While the world has begun the transition towards cleaner fuels such as electric-powered vehicles and hydrogen, most nations are still dependent on oil to fuel their economies.
India, the world's third-largest energy consumer, has told Saudi Arabia and other OPEC nations that high oil prices will hurt the nascent economic recovery the world is witnessing after the devastating pandemic and that they have to price oil at reasonable levels, a top official said on Monday.
Petrol and diesel prices have shot up to record highs across the country after relentless price increases since early May.
India, which imports almost two-thirds of its oil needs from West Asia, has told crude oil producers, including the Organisation of Petroleum Exporting Countries (OPEC), that high oil prices will hasten the transition to alternate fuels and such rates will be counter-productive for the producers, the official said.
''Oil prices have to strike a balance between the interests of the producers and consumers. Right now they are really high because the demand is more than the supplies,'' the official, who wished not to be named, said.
International oil prices had crashed to USD 19 per barrel in April last year as demand evaporated with most nations clamping lockdowns to control the spread of COVID-19. The demand recovered this year as vaccination against the infection revived economies world over.
International benchmark Brent crude has since rallied to USD 85.67 per barrel.
Oil Minister Hardeep Singh Puri has in recent weeks flagged the issue of high oil prices to Saudi Arabia, the UAE, Kuwait, Qatar, the US, Russia and Bahrain, the official said.
Puri, in his meetings with the Secretary-General of OPEC and his counterparts in Saudi Arabia and other nations, conveyed India's serious concerns over crude oil price volatility.
He conveyed India's strong preference for responsible and reasonable pricing which is mutually beneficial for consumers and producers, the official said.
India is again likely to raise the issue of high oil prices when global leaders meet for the India Energy Forum by CERAWeek later this week. Saudi and UAE oil ministers besides the OPEC secretary-general are expected to participate in the meeting.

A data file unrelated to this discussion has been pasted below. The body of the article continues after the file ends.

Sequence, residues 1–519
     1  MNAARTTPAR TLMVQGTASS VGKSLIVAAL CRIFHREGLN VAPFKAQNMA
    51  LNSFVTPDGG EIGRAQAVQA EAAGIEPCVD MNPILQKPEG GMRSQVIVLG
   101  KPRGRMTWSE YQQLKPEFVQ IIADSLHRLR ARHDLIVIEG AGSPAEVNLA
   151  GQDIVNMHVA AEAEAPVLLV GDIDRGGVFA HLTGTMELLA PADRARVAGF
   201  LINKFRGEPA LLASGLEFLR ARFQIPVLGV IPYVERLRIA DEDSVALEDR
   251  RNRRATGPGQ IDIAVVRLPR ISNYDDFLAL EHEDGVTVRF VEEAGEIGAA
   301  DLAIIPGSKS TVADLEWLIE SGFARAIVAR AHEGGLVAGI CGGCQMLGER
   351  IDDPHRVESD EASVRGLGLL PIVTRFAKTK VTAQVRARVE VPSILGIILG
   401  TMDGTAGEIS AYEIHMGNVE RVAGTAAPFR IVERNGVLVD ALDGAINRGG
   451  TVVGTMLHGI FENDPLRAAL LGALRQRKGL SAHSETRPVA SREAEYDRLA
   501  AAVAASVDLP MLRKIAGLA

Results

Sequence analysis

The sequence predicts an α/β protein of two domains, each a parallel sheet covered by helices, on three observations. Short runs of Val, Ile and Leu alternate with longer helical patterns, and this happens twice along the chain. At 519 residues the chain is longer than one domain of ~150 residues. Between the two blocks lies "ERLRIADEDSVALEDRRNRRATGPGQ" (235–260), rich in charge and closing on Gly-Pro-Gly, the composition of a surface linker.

''He (Puri in his previous meetings) conveyed in no uncertain terms the need for oil prices to be stable and within limits, else the economic recovery witnessed the world over will suffer,'' the official said, adding oil prices above USD 65-70 per barrel will hurt importing nations.
While the world has begun the transition towards cleaner fuels such as electric-powered vehicles and hydrogen, most nations are still dependent on oil to fuel their economies. Consequently, high oil prices will hurt demand recovery.
India is 85 per cent dependent on imports to meet its oil needs and relies on overseas shipments to meet 55 per cent of its gas requirement.
It is the only nation that is seeing growth in oil demand on a sustained basis and without it the producers will also suffer, the official said.
Not just price, India also wants better commercial terms like optional volumes in yearly supply contracts and larger time to pay for oil bought.
State-owned oil firms have term contracts -- guaranteeing a fixed volume of oil in a year -- with national oil companies of West Asian nations for the import of crude oil. They want favourable terms like the inclusion of optional quantities in term contracts and enhancement of credit limit to oil PSUs in the crude oil import.
Most oil exporters such as Saudi Arabia and Iraq provide a 30-day credit period -- that is, payment for oil bought has to be made in 30 days.
India wants this period to be raised. Iran, before the US sanctions halted its exports in 2019, provided a 90-day credit period.